Earned run average isn't the only way to judge relief pitchers. Takashi Saito, for example, turned a one-run lead on Sunday into a one-run deficit -- and his ERA for the season actually dropped from 2.36 to 2.35.
With that in mind, here's a look at the month-by month ERA for the Red Sox bullpen so far this season:
But, again, ERA isn't the only way to judge relief pitchers.
Even as the Red Sox bullpen ERA has skyrocketed, its rate of stranding inherited runners actually has plummeted. To wit:
Before Aug. 1: 35 for 115 (30.4 percent)
Since Aug. 1: 16 for 71 (22.5 percent)
One reliever is almost individually responsible for that drop, too -- and it's not who you'd think. Hideki Okajima and Ramon Ramirez actually have seen their inherited-runners-scored numbers increase since Aug 1.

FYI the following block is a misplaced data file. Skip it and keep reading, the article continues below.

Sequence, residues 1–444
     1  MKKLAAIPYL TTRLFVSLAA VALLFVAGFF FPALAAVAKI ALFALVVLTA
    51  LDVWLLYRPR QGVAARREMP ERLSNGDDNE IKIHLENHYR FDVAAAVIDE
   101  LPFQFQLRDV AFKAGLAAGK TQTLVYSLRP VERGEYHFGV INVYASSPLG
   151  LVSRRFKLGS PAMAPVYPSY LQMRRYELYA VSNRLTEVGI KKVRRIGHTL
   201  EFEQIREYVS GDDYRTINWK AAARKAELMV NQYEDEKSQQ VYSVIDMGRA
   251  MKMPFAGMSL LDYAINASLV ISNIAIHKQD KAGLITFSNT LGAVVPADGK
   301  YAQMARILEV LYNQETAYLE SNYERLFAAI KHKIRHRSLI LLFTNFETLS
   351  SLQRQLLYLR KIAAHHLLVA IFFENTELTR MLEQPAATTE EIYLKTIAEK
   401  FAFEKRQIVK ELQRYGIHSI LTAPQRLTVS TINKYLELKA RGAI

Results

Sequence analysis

Not so for Manny Delcarmen.
While some relievers tend to thrive most in bases-empty situations, the much-maligned Delcarmen have thrived in the most pressure-filled situations. Check out these splits:
Bases empty: .857 OPS
Runners on base: .703 OPS
Bases loaded: .404 OPS
And even as his ERA in September has climbed all the way to 16.20 entering play Monday, he's stranding inherited runners at an incredible rate. He allowed seven of his first 18 runners to score (38.9 percent), but since Aug. 1, he's allowed just one of 15 inherited runners to score (6.7 percent).
Five times in that span, he's come into a game with either two runners on or the bases loaded -- and he's wiggled out without surrendering a run.
Most Red Sox fans start to pull their hair out when Terry Francona calls upon Delcarmen in high-pressure situations with runners on base. Francona, though, might know just what he's doing.